Malaysian reports on Johor's port limits inaccurate: Singapore

Singapore's High Commission on Dec 20, 2018, responded to a MalayMail.com report claiming that Singapore Navy vessels were spotted within the new Johor Baru Port limits.
Singapore's High Commission on Dec 20, 2018, responded to a MalayMail.com report claiming that Singapore Navy vessels were spotted within the new Johor Baru Port limits.ST PHOTO: KUA CHEE SIONG

Singapore's High Commission said yesterday the Republic's security agencies have been "exercising restraint" in enforcing its territorial waters, in response to a MalayMail.com report claiming that Singapore Navy vessels were spotted within the new Johor Baru Port limits.

In a statement, the High Commission described the report as "mischaracterising" what was happening in the waters and ignoring Singapore's efforts to maintain calm.

The statement was in response to the report "Despite Malaysia's olive branch, Singapore Navy seen inside Johor port limits" dated Dec 16 in MalayMail.com, and another report a day earlier in the same news website, headlined "Is Malaysia really intruding into Singaporean waters?"

Both reports contain inaccuracies, said the High Commission.

It said the "statements that the recent purported extension of the Johor Baru Port limits are within Malaysia's territorial waters are inaccurate even going by Malaysia's own conduct".

It noted the media statement by Singapore's Coordinating Minister for Infrastructure and Minister for Transport Khaw Boon Wan on Dec 6 that said "the recent purported extension of the Johor Baru Port limits goes beyond what even Malaysia itself claimed as its territorial waters in 1979".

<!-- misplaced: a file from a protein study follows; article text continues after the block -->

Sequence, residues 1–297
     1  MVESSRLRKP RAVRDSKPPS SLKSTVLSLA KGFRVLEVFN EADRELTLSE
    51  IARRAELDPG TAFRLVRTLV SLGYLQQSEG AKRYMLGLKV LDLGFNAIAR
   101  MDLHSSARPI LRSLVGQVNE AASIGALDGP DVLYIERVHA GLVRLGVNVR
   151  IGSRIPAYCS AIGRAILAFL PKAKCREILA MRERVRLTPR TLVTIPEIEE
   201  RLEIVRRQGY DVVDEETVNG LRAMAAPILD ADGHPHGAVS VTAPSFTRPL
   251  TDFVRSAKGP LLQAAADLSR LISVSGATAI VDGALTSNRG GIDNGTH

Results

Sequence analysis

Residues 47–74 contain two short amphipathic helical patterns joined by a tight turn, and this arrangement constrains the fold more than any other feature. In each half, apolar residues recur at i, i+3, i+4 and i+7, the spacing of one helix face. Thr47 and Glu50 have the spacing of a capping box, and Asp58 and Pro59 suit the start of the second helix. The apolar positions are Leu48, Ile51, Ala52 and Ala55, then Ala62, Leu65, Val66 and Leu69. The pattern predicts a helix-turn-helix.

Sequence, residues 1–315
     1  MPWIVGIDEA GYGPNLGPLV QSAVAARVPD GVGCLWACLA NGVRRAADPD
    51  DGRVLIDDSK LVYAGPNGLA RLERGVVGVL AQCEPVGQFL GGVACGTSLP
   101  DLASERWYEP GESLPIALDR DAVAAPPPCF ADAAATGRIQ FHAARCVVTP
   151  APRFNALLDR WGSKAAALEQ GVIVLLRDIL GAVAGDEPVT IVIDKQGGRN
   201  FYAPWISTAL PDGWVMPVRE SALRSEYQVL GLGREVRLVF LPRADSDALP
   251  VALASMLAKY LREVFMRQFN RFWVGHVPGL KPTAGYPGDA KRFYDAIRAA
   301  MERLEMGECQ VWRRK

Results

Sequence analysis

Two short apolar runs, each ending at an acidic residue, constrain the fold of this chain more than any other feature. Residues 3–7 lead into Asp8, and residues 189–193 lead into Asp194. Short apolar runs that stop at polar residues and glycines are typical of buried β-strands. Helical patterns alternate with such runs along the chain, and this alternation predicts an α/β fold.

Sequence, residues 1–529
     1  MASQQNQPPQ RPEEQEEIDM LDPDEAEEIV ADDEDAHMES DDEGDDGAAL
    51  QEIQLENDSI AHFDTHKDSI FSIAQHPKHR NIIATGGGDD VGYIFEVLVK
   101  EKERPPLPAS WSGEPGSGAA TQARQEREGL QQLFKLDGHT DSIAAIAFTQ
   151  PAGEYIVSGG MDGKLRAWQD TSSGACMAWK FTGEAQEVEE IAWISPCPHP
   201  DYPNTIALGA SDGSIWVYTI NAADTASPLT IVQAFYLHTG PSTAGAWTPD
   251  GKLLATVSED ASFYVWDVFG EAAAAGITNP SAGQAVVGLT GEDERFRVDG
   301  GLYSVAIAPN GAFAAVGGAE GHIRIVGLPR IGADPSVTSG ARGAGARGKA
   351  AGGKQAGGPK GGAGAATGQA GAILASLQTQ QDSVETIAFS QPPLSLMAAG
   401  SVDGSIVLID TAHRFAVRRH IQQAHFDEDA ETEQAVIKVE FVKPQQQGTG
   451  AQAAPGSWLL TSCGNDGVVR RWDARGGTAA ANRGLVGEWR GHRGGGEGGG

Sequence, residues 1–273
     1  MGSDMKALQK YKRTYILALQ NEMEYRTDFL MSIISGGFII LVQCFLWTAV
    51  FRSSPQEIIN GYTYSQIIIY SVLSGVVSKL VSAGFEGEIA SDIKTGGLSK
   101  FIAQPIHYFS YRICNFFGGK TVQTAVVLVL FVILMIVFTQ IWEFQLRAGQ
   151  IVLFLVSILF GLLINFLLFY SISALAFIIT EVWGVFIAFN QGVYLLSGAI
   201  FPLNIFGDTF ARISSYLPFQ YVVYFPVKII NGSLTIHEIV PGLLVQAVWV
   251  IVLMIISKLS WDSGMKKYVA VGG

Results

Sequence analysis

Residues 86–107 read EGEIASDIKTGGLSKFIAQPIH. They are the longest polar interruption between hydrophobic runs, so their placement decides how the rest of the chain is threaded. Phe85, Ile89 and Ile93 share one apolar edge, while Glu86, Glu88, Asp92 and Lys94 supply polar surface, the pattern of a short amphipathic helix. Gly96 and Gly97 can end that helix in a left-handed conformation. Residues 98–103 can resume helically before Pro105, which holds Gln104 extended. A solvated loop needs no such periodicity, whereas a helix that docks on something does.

The High Commission added: "This territorial waters claim, which Singapore does not recognise, was unilaterally made by Malaysia in a map which it published that year. At that time, no land reclamation at Tuas in Singapore had taken place. So the territorial waters boundary claimed by Malaysia could not possibly have taken into account any reclamation by Singapore."

 
 
 
 

The High Commission noted that before Oct 25, 2018, Malaysia had never laid claim to the waters covered by the recent purported extension of the Johor Baru Port limits, nor protested Singapore's continuous exercise of jurisdiction in those waters.

"This includes the regular deployment of Singapore's security agencies in the area for several decades. The purported extension of the Johor Baru Port limits and the intrusions by Malaysian government vessels into what are clearly Singapore territorial waters off Tuas are a serious violation of Singapore's sovereignty and international law," the statement said.

It said the Dec 16 article had "mischaracterised the situation on the ground and ignored Singapore's efforts to maintain a calm situation there".

"Singapore's security agencies have been exercising restraint in enforcing Singapore territorial waters off Tuas despite repeated intrusions by Malaysian government vessels," it added.

Singapore had proposed on Dec 7 that Malaysia return to the status quo prior to Oct 25, "without prejudice to Malaysia's and Singapore's respective positions on maritime boundary between the two countries in the area which Malaysia now claims", the statement said.

A version of this article appeared in the print edition of The Straits Times on December 21, 2018, with the headline 'Malaysian reports on Johor's port limits inaccurate: S'pore'. Print Edition | Subscribe